Small inexpensive PM2.5 device developed in Japan

Scientists develop inexpensive mini PM 2.5 measuring gadget

August 06, 2015


Researchers at Nagoya University have teamed with Panasonic Corp. to develop a small low-cost device that can detect and measure levels of PM 2.5 fine particulate pollutants, which have been a scourge in the skies over China and Japan in recent years.

Unveiled Aug. 5, the device will cost several thousands of yen (tens of dollars) to produce. Panasonic plans to install the device on air cleaners to go on sale in September.

The device was developed by a team led by Yutaka Matsumi, a professor of environmental studies at the university’s Solar-Terrestrial Environment Laboratory.

"We will be able to detect and measure pollutants by installing the device in various locations in a city," Matsumi said. "We hope the devices will reveal the everyday things that are acting as a source of pollution and help people deal with the health effects."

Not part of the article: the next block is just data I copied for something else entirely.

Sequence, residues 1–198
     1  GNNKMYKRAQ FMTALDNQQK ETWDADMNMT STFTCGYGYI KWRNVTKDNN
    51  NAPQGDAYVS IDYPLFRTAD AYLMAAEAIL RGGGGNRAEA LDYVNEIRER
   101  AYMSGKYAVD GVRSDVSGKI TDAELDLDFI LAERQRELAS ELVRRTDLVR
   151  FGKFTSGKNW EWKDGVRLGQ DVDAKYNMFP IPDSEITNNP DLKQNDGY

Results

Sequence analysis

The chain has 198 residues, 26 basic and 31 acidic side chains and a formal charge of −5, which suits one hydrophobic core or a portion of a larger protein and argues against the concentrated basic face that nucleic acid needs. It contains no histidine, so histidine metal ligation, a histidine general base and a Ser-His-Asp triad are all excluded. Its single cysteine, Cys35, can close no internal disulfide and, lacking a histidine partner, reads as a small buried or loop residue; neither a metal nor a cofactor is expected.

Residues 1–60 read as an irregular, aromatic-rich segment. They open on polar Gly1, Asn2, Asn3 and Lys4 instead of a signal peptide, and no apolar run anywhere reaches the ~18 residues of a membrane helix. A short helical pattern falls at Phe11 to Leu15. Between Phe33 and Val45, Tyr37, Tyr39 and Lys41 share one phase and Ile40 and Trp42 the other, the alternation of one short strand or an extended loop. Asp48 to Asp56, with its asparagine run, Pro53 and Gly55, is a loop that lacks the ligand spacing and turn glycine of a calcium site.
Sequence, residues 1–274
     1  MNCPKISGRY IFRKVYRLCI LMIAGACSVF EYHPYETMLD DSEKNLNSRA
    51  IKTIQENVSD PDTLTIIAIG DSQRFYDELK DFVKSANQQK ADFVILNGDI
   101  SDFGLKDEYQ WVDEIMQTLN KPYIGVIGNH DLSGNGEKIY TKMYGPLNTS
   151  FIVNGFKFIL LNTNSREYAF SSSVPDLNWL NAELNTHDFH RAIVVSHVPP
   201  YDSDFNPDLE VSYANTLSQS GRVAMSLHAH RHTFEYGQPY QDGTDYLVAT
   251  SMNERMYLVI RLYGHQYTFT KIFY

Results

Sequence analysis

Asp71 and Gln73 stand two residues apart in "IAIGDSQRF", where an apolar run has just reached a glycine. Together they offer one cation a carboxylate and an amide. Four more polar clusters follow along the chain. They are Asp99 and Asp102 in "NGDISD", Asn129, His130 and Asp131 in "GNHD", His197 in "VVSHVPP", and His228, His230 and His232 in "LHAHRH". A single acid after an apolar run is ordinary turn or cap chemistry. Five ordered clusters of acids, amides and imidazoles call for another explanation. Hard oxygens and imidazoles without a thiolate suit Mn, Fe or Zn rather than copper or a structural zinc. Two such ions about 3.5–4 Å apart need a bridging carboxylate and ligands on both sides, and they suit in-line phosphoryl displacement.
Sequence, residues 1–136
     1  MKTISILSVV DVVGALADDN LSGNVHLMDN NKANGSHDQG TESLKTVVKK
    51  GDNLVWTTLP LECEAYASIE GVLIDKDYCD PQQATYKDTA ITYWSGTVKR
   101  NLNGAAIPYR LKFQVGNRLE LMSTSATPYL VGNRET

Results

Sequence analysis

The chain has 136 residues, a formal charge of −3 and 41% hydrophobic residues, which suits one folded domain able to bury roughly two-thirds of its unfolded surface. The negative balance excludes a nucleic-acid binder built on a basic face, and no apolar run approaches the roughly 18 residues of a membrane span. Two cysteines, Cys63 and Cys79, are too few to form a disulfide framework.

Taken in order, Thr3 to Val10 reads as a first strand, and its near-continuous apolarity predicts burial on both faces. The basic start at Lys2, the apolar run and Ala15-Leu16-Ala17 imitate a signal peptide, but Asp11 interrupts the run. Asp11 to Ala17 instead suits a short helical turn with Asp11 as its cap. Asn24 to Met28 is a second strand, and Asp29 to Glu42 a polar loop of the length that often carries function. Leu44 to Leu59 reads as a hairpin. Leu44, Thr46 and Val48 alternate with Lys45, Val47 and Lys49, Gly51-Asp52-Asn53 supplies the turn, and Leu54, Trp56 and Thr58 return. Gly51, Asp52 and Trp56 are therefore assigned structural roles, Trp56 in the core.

Measuring just 5 by 5 centimeters, the gadget easily fits into the palm of a hand and can detect PM 2.5, or particles 2.5 micrometers in diameter and smaller.

The device is able to measure pollutants as accurately as more expensive PM 2.5 detectors commonly used by local governments, and at a fraction of the cost. It costs about 100 times less to produce than the conventional detectors.

The device uses a light-scattering method to measure particles by beaming light emitted from LEDs into the air. It then uses an algorithm to compare the degree of light being scattered and the characteristics of different pollutants to pinpoint the size of the particles and how much of them are airborne.

Previously, the same method was unable to provide accurate readings of the density of particles smaller than 0.7 micrometers. But the new mini machine can give accurate readings of sizes as small as 0.3 micrometers. This feat was achieved by designing the interior of the device in a way that enables light to be collected more efficiently.